Gov. Jay Inslee must have felt his presence alone didn’t communicate the importance of the event, so he took it upon himself to ensure those in attendance knew that Google’s expanded Kirkland campus, unveiled Tuesday to select guests and members of the media, is a big deal.
“This week, we have had two major milestones in the march of human progress,” Inslee said. “First, we discovered gravity waves and proved Albert Einstein was right, and second, we are building this sustainable, incredibly productive Google building in Kirkland, Washington.”
Inslee’s tongue-in-cheek opener delivered laughs, but the world’s second-most valuable company expanding its footprint in your state holds serious economic gravity. Alphabet, Google’s parent, has a market capitalization north of $485 billion (it briefly topped Apple this month on the list of most valuable companies), and it pumps $5.2 billion into Washington’s economy (according to Google). Now that company has 180,000 more square feet to play with in Kirkland, where more employees will work on Google’s cloud, Chrome, and who knows what other innovative products.
Google expanded with thoughtful gusto. “We really have what I would regard as honorable goals that transcend the sort of (office-design) repetition that comes with any other company,” Anthony Smith, the company’s director of real estate in the Americas, told me. “We have some fundamental goals that we try to live by, and we express those in the markets that we’re doing things.”
Those fundamental goals? Sustainability (few ribbon-cuttings include so much chatter about efficient HVAC systems), healthy employees (cafeterias are stocked with healthful food; exercise areas abound both indoors and out), community engagement (the campus is bisected by public space, courtesy of Google, and the company built a multi-use sports field for neighbor Lakeview Elementary) and a sense of place (sections of the office are themed as mountain, forest, valley, and sound), all in the name of productivity (why go home when all that is at work?).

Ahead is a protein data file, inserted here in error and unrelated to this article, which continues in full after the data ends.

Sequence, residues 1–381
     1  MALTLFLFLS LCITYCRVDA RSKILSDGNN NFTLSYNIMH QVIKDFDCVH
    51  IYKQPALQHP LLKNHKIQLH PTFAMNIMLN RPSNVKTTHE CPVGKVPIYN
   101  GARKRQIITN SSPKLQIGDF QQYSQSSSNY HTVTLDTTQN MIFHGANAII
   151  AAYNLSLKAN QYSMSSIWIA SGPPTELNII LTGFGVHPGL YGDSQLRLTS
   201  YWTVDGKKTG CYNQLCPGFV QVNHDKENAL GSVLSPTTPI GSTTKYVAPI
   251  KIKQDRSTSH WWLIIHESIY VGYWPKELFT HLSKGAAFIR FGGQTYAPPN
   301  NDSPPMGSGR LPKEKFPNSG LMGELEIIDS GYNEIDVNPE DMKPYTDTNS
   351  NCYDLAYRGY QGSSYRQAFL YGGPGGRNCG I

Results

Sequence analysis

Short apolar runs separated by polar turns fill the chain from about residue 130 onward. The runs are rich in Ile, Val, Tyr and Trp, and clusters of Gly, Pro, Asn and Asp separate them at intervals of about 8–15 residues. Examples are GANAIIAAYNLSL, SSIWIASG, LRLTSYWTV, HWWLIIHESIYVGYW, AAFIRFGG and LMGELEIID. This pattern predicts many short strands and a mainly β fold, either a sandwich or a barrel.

Those ingredients manifest in the ultimate tech office. Smith explained the company’s new building like it was a cloud platform: “There’s a lot more user engagement, there’s a lot more ability to innovate on the spot. The great things from here will fuel the great things we do elsewhere.”
There was plenty for dignitaries to brag about Tuesday. That nifty chilled-beam HVAC? It’s apparently 52 percent more efficient than other top-of-the-line options. The roof’s full of sitting areas, succulents, and solar panels. A living wall is stuffed with lady ferns. Gorgeous wood furniture is made with wood reclaimed from the site, one that Google voluntarily cleaned up well beyond state contamination standards. In a basic sense, the office is both beautiful and inviting.
Some amenities, in Silicon Valley fashion, border on the preposterous. A human-size nest, suspended on steel posts and fashioned out of nailed-together scrap wood, was the Instagram star of the ribbon cutting. Near the entrance to the nest was a sign that explained biophilia (“a human’s innate attraction to nature and natural systems”), which proved handy for humans who couldn’t understand why a big bird nest is in a workplace. (I didn’t notice any birdhouses outside, so biomimicry at Google goes only one way.) A “cave” in the “mountain” area of the office is a nice quiet place to nap. And the office’s filtration system, project overseer Mike Nolan proudly told members of the media, makes the office atmosphere cleaner than what’s outside. Rarefied air, indeed.
Such is reality in the tech sector, where offices have become a powerful recruiting and retention tool. Today’s tech workers, we’re told by the folks who recruit such people, want a company that aligns with their values and offices that facilitate fun. In response, companies of Google’s ilk are in an office-space arms race. Smith seemed mildly offended when I suggested that other tech firms have nice offices — “There’s a lot playing catch-up,” he said — even as all of Google’s major competitors — Amazon, Facebook, Microsoft, and Apple — are making real-estate news themselves.
Gentrification arguments aside, Google employees aren’t the only ones who will benefit from the new office. More high-paying jobs will become available, and Kirkland residents have some nice public space where a dirty field used to be. There’s also the excitement of having a major, growing tech firm in town, especially one with the ambitions of Google.
“It’s kind of like having Willy Wonka’s chocolate factory in your town,” Mayor Amy Walen said, “because magical and mysterious things happen.”
Perhaps that’s the function of the nest: Magical ideas need a place to hatch.